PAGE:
That means there may not be as much variation as in the program as compared to the school year off-season program. The key to prevent boredom and getting stagnant is to change with variation. You can vary the implement, grip, limb involvement and stance to keep the movement the still change the exercise. For example, one phase you may do 1 Arm Cable Row's with your feet parallel, and then progress that to feet staggered and then to 1 Arm 1 Leg. The movement is still the same, but the exercise changes.
This allows you to keep your program fresh, but have some consistency.
Another thing to consider is to prescribe exercises that your athletes know how to perform. It is not a wise decision to include exercises that you're athletes have never performed without you. You want to include exercises that they are comfortable with and have experience with. This will minimize the chance that they can get hurt with poor technique with an unfamiliar exercise.

When writing the summer program for your upperclassmen, you also have to think about prescribing a routine for your incoming freshman. The key thing here is to keep things as simple as possible, which could mean no exercise variation and you only vary the loads and repetitions. Do not include technically challenging lifts, such as clean and or snatches. The last thing you want to do is overload your program and make it confusing to the point where the athlete won't even do the program.
Every athlete should be able to find a gym to train in the summer time. Many places offer 3 month specials specifically for college students. Most colleges also may allow other student-athletes from different schools to use their facilities during their slow hours of the day out of courtesy. If your student-athletes live near a college with a strength and conditioning program, give the head strength coach a call to see what their policy is and what their open hours are during the summer and if it's possible to let your athletes train there. Sometimes this is a good option because they'll be in a like minded training environment and have access to common equipment.

Once you've got your program written out and put together, you've got a couple options on how you can package it to your athletes. You can do it the old fashioned way and print off each athletes program individually (with their prescribed loads) and get them bound up at the print shop on campus or you can use newer forms of technology.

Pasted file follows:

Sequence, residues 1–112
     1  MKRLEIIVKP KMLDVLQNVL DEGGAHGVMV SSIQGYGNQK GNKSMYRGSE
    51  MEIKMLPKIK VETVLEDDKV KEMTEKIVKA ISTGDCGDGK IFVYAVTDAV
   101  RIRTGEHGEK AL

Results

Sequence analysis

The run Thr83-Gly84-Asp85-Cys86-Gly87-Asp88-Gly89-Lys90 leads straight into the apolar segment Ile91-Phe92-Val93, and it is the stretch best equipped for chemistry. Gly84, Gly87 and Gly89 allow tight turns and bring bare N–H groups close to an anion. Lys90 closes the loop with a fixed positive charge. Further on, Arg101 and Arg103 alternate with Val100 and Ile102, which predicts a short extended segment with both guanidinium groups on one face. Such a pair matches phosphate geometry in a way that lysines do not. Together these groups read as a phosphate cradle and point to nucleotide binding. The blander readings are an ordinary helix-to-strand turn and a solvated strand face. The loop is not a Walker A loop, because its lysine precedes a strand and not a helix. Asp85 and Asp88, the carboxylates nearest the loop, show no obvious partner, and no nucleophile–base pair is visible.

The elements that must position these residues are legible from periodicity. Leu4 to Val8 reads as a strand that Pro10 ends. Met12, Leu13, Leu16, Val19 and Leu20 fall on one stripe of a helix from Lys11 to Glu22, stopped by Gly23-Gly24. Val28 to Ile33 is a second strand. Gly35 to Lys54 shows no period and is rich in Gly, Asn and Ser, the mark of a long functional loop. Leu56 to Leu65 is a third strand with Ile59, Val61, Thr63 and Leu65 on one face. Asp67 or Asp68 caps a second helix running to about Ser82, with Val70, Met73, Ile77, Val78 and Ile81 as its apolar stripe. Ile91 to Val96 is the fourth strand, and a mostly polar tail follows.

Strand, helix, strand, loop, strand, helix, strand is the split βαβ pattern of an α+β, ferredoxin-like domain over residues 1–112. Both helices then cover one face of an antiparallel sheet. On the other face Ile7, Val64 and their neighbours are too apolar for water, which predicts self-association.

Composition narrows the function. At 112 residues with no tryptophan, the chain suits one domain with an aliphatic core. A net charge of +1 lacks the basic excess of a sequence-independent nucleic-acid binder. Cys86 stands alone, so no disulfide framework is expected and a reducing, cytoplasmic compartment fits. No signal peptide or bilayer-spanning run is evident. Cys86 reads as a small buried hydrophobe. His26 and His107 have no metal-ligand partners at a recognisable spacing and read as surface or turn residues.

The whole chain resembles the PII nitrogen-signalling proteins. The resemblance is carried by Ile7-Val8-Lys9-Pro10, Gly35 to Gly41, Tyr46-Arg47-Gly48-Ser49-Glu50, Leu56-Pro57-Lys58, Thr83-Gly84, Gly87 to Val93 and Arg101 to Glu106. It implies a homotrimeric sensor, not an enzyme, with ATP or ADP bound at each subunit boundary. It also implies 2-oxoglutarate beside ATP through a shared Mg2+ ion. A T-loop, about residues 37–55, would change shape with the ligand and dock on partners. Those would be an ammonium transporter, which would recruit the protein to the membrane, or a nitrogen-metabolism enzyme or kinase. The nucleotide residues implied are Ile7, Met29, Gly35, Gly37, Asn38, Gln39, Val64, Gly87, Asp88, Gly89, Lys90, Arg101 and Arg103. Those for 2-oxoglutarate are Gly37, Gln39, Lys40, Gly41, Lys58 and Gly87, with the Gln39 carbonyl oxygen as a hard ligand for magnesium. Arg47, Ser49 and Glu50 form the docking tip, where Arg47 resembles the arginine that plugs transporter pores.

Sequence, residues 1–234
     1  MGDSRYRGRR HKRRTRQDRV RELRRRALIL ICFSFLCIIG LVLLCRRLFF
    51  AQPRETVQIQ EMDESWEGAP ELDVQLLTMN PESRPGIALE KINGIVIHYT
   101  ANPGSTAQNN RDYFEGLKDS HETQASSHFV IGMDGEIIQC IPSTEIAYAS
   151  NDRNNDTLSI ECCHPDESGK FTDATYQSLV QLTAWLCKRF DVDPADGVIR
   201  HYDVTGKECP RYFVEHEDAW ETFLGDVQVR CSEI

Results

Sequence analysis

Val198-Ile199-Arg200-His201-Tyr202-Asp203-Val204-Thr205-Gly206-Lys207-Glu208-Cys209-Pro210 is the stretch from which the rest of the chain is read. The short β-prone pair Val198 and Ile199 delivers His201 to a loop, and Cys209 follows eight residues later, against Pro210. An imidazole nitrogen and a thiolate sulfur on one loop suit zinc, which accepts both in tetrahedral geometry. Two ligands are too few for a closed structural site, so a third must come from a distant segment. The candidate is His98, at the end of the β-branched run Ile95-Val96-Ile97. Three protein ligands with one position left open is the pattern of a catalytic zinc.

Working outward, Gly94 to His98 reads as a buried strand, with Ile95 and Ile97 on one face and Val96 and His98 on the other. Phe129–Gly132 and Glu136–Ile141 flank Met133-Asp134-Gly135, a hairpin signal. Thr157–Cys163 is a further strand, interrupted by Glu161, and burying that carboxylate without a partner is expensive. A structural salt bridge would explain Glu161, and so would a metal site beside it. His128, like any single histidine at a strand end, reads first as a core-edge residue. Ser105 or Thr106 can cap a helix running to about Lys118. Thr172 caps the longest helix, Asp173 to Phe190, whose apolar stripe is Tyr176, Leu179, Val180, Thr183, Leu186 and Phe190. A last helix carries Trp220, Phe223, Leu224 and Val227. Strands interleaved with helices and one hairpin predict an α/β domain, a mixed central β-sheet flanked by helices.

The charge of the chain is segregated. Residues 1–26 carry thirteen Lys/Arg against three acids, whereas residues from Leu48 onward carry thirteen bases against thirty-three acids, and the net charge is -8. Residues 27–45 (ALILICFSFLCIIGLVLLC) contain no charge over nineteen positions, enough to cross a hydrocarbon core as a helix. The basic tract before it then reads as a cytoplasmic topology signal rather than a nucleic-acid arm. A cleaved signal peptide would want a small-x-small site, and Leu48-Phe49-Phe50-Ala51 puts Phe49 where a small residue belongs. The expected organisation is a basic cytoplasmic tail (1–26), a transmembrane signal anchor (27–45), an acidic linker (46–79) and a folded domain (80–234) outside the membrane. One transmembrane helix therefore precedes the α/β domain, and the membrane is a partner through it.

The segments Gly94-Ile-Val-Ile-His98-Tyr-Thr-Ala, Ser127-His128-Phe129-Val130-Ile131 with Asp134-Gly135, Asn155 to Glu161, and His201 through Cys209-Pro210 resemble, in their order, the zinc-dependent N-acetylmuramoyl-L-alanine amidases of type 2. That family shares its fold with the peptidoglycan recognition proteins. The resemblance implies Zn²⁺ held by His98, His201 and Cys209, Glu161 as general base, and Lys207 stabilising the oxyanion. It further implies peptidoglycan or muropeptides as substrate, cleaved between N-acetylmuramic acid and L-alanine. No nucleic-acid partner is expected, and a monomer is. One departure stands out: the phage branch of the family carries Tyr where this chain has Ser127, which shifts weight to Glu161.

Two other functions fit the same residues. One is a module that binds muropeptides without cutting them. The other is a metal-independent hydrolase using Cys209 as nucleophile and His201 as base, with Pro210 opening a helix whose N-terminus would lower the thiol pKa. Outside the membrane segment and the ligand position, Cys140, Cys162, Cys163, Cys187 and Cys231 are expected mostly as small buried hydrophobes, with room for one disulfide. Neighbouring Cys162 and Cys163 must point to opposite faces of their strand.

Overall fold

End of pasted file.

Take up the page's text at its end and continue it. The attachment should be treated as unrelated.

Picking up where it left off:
One easy way is to simply email the program (in excel or word) to your athletes. You can also create a CD-ROM or DVD that has all the exercise videos and program for the athlete to download right off the disc. This allows them to put their name and maxes into their sheet (if active with formulas) and allows them to directly print it out. Another option is to talk with your school's web development area and see if they would be able to create a strength and conditioning page and space on the server for your files.

The latter is not a very difficult project but time consuming on the front end. Having your own page can be extremely beneficial for your student-athletes, recruits and potential interns. You can put your programs on that page and give your athletes the password so they only have access to it, you can put all of your nutritional information that you give as well as exercise video clips that serve as reminders on how to perform certain exercises. Setting up a web page where you can update and upload files will make the process much easier in the long run and saves time, energy and paper.

The summers are a great time to make some gains in strength, speed and power and can really prepare athletes for their seasons. Be sure that you're providing the most efficient program and helping them to accomplish what they need to during this time period. Coach them to train hard, with good technique and this will carry over when they have to train on their own.

Topics: Strength Training, Brijesh Patel